Data Review Demonstrates That Congenital Hyperinsulinism Patients Benefit From Surgery

According to a story from Newswise, almost 500 infants that were born with congenital hyperinsulinism were treated with surgery that involved the removal of either part of or the entirety of their pancreas at the Children’s Hospital of Philadelphia. A review of these cases indicated that this procedure could cure patients that had the localized variant of this condition. Removal of the pancreas can also help patients that have the diffuse variant as well by preventing complications.
Congenital hyperinsulinism refers to several genetically linked disorders that cause low blood sugar due to excessive insulin production. The severity of symptoms can vary greatly in severity, but the condition typically becomes evident in early infancy. Changes to a total of nine different genes can cause congenital hyperinsulinism. In infancy, the resulting hypoglycemia (low blood sugar) can cause symptoms such as fatigue, jitteriness, seizures, and unresponsiveness. Severe variants result in abnormally high birth weight and abnormalities of the pancreas. In milder cases, infants may need to feed more frequently. Other symptoms include intellectual disability, coma, dizziness, and enlargement of the heart. Treatment usually involves medication to maintain blood sugar levels. To learn more about congenital hyperinsulinism, click here.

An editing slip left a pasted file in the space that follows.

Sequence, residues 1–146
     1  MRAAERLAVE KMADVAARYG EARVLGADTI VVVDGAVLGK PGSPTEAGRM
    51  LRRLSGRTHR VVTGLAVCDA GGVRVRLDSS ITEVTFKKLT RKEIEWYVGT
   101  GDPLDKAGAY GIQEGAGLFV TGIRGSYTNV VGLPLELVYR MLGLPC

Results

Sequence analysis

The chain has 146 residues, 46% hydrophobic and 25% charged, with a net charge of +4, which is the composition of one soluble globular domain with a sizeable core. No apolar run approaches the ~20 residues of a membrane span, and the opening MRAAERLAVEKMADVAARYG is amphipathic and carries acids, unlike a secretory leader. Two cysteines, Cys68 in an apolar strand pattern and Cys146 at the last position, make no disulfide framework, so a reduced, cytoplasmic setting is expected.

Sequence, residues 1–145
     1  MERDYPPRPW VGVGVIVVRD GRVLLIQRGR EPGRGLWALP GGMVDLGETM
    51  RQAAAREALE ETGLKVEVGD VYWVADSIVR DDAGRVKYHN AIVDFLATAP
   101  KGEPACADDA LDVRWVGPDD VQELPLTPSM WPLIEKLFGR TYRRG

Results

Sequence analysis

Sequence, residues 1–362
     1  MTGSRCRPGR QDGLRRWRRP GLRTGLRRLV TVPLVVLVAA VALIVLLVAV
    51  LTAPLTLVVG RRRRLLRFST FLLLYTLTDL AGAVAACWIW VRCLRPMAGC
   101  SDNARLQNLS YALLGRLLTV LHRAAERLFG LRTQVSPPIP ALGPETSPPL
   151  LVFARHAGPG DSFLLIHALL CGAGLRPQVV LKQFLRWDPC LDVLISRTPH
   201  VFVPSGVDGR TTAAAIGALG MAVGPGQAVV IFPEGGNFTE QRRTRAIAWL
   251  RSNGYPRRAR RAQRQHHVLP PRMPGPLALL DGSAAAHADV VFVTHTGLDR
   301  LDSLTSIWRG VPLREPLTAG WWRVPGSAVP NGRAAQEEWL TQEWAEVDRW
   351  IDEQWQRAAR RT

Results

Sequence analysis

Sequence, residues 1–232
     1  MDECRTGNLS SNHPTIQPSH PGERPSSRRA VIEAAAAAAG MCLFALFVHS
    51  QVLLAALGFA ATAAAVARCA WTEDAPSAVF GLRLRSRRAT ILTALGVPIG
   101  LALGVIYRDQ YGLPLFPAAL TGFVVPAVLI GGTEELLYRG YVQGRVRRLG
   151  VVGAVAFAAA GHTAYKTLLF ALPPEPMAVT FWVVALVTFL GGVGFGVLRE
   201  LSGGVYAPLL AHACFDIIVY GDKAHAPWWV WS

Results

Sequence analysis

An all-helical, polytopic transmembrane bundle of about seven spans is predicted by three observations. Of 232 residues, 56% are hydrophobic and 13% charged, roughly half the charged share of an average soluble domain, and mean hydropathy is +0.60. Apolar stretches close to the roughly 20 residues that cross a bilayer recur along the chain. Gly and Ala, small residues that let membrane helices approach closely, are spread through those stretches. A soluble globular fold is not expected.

In surgery, the determination to remove all or part of the pancreas depends on the severity. Patients with less severe cases can benefit from only removing the affected portion of the pancreas, but the worst cases require total removal of the organ (at least 95 percent). While this prevents patients from hypoglycemia, the surgery also increases the risk for the patients to develop diabetes during their lifetime.

This increased risk is most pronounced in those patients that needed to have the vast majority of the pancreas removed. In the data review, 47 percent of patients who underwent surgery developed diabetes, and all of the patients in this group were from the most severe cases that required the most extensive removal.

More targeted therapies are currently in development that should improve quality of life and reduce the need for surgical intervention. The drug exendin, for example, has proved effective for treating older patients and is currently be evaluated on younger ones as well.


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